My student decided to have a purple C in the middle of the flap with yellow, green and orange in repeating sequences down the edges. So we threaded our yarn and began.
Cast on 5 stitches
k 2, kb (knit a stitch with a bead on it), k 2
k1, m1, k3, m1, k1
k2, kb, k1, kb,k2
This is the basic idea of how the beaded flap will work. Following the chart we knew which stitch to make a kb stitch. We made some errors, and discussed all the ways we could fix them; from ripping out, to smashing a bead that was in the wrong place and just sewing a bead in the right place when we were finished, to just changing our mind about what we wanted the design to be. What a fantastic opportunity to go into all the ways of fixing things and deciding on just what level of expertise a person might want to apply to a given project.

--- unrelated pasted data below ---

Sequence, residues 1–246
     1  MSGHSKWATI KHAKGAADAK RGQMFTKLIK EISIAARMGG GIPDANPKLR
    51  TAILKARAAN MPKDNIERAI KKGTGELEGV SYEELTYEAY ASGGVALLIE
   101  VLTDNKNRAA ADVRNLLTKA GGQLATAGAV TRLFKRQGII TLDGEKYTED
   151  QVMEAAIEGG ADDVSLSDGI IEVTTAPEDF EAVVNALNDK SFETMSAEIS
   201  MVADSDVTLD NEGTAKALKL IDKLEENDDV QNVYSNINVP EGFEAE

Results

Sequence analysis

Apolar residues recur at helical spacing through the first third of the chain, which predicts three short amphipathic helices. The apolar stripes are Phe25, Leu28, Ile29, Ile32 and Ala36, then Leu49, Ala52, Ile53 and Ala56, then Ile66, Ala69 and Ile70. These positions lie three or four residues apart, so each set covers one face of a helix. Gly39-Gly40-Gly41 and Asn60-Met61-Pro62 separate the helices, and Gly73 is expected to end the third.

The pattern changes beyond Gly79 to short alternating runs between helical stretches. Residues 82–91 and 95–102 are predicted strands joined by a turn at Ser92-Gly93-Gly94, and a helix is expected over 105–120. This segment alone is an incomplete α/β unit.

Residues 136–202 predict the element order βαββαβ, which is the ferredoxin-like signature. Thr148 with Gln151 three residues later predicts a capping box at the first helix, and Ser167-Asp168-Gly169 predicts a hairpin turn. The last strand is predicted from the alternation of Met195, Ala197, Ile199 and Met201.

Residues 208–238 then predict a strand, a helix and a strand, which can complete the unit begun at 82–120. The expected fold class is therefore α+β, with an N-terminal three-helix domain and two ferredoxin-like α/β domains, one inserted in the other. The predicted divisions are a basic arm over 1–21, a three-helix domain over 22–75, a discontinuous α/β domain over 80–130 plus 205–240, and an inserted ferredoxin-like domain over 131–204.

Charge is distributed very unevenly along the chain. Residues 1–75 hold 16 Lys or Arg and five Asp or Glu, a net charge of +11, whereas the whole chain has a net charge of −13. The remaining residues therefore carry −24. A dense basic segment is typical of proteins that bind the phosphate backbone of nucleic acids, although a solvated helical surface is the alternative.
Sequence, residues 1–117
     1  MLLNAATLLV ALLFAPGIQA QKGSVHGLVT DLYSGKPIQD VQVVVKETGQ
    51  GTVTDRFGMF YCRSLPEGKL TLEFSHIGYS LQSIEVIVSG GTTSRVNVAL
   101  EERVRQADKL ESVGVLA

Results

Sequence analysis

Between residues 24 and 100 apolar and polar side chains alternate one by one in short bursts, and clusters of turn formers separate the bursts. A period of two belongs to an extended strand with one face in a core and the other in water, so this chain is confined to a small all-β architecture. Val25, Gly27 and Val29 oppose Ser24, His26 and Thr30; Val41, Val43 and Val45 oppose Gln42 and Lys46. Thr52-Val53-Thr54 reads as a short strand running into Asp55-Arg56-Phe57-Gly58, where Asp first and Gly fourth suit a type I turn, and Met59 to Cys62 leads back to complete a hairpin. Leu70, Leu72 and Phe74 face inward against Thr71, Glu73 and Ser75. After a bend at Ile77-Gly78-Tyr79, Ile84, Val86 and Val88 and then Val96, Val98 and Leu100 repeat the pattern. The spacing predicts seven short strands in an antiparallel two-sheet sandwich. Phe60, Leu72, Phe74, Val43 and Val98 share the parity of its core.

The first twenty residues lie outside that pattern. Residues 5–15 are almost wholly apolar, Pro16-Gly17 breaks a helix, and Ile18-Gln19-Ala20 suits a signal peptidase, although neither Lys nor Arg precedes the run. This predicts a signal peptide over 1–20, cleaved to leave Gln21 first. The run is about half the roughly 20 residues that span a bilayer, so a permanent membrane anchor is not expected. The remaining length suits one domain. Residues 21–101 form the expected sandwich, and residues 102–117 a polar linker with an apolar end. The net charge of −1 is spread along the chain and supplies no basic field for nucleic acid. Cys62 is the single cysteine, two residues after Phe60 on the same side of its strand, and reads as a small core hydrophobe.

Once the flap is finished the student can knit either in garter stitch or st. stitch, till she has a piece twice as long as she wants her purse to be. Then it’s just a matter of folding the straight part in half and stitching the side seams. the flap will fall nicely, without the need for a purl turning row, because the beads add enough weight to make the flap fall over the front.
I’ll photo or scan the finished purse next weekend and post it here. And I’ve promised the student who had the flu a private lesson too so she can make her purse.
I can’t think of anything more rewarding than sharing this glorious craft with a new generation. Next Saturday, the last class, will be about kool aid dyeing, making knitting needles, and anything they still feel confused about.
‘Course, this is a reeeeeeeeealy small community and I am easy to find after school. One student’s mom works in the building behind mine and the other lives only blocks away.
posted by Bess | 9:24 PM